Hierarchical patterns of invertebrate assemblage structure in stony upland streams change with time and flow permanence
Article first published online: 28 APR 2005
Volume 50, Issue 6, pages 944–953, June 2005
How to Cite
ROBSON, B. J., HOGAN, M. and FORRESTER, T. (2005), Hierarchical patterns of invertebrate assemblage structure in stony upland streams change with time and flow permanence. Freshwater Biology, 50: 944–953. doi: 10.1111/j.1365-2427.2005.01376.x
- Issue published online: 28 APR 2005
- Article first published online: 28 APR 2005
- (Manuscript accepted 7 March 2005)
- intermittent streams;
- nested anova;
- semi-arid streams;
- spatial scale
1. Studies in several parts of the world have examined variation in univariate descriptors of macroinvertebrate assemblage structure in perennially flowing stony streams across hierarchies of spatial scale using nested analyses of variance. However, few have investigated whether this spatial variation changes with time or whether these results are representative of habitats other than riffles or of other stream types, such as intermittently flowing streams.
2. We describe patterns in taxon richness and abundance from two sets of samples from stony streams in the Otway Range and the Grampians Range, Victoria, Australia, collected using hierarchical designs. Sampling of riffles was repeated in the Otways, to determine whether spatial patterns were consistent among times. In the Grampians, spatial patterns were compared between intermittent and perennially flowing streams (stream type) by sampling pools.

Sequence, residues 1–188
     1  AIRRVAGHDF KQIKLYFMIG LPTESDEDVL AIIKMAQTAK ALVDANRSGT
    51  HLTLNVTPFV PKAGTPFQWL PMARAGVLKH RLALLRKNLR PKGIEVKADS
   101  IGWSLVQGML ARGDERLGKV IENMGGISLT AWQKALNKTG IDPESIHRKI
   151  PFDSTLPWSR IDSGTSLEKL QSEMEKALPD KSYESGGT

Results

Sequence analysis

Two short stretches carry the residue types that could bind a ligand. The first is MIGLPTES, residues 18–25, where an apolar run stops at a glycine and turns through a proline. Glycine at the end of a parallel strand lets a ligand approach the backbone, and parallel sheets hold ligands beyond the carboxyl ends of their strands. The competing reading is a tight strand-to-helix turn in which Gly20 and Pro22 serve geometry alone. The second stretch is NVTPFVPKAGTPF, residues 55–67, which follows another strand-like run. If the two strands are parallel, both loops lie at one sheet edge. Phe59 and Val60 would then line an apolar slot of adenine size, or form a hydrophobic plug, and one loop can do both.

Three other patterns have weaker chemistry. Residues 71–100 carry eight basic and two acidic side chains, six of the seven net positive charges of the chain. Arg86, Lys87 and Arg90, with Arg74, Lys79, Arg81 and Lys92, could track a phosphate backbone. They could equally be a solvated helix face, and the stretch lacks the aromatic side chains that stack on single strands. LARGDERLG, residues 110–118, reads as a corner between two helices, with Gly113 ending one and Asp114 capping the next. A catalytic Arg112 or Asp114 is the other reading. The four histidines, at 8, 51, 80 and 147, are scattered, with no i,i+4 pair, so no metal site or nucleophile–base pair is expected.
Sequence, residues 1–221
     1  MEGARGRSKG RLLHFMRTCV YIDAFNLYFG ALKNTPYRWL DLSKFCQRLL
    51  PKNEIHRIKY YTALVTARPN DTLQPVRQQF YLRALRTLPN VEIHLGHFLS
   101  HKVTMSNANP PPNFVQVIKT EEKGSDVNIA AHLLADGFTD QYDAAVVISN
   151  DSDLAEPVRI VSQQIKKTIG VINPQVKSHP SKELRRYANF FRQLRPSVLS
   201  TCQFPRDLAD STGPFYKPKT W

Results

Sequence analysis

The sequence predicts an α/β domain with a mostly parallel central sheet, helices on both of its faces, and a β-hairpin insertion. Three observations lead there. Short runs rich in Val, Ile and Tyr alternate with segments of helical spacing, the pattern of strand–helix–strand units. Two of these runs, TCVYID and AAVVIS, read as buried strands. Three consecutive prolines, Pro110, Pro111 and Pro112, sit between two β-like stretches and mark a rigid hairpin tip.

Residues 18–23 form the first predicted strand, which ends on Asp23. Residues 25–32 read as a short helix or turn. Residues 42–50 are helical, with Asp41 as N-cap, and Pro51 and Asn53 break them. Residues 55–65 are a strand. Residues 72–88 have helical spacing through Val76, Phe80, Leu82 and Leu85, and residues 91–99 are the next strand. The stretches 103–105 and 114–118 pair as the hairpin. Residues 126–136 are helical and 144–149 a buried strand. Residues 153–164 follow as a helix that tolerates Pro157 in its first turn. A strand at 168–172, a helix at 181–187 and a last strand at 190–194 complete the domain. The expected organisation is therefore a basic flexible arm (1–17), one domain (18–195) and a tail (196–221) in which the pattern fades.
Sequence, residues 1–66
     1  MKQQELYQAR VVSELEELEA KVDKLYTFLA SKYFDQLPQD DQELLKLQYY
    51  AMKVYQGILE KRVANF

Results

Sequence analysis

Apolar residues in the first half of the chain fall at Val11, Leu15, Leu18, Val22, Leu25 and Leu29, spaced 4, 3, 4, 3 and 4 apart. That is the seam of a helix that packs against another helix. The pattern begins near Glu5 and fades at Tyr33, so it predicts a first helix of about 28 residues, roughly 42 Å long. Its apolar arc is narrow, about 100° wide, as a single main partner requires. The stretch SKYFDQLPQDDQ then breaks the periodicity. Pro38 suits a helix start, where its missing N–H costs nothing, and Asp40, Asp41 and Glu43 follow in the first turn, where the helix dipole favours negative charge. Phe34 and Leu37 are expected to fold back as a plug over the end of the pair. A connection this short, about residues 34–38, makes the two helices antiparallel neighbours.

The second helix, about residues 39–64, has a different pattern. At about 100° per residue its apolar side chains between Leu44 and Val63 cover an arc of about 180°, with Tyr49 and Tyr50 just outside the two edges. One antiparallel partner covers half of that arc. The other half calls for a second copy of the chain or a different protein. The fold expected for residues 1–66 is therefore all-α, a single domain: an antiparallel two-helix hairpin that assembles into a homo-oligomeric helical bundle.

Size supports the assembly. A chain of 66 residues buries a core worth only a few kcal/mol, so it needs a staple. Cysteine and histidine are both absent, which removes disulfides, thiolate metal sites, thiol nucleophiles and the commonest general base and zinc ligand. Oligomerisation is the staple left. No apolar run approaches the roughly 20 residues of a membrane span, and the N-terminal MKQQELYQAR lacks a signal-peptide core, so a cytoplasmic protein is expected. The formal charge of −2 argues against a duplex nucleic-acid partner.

3. In the Otways streams, most variation in the dependent variables occurred between sample units. Patterns of variation among the other scales (streams, segments, riffles, groups of stones) were not consistent between sampling times, suggesting that they may have little ecological significance.
4. In the Grampians streams, variation in macroinvertebrate taxon richness and abundance differed significantly between replicate streams within each stream type but not between stream types or pools. The largest source of variation in taxon richness was stream type. Little variation occurred among sample units.
5. The pattern of most variation occurring among sample units is robust both to differences in the method of sampling and different dependent variables among studies and increasingly appears to be a property of riffles in stony, perennial upland streams. High variation among sample units (residual variation) limits the explanatory power of linear models and therefore, where samples are from a single sampling time, small but significant components of variation are unlikely to represent features of assemblage structure that will be stable over time.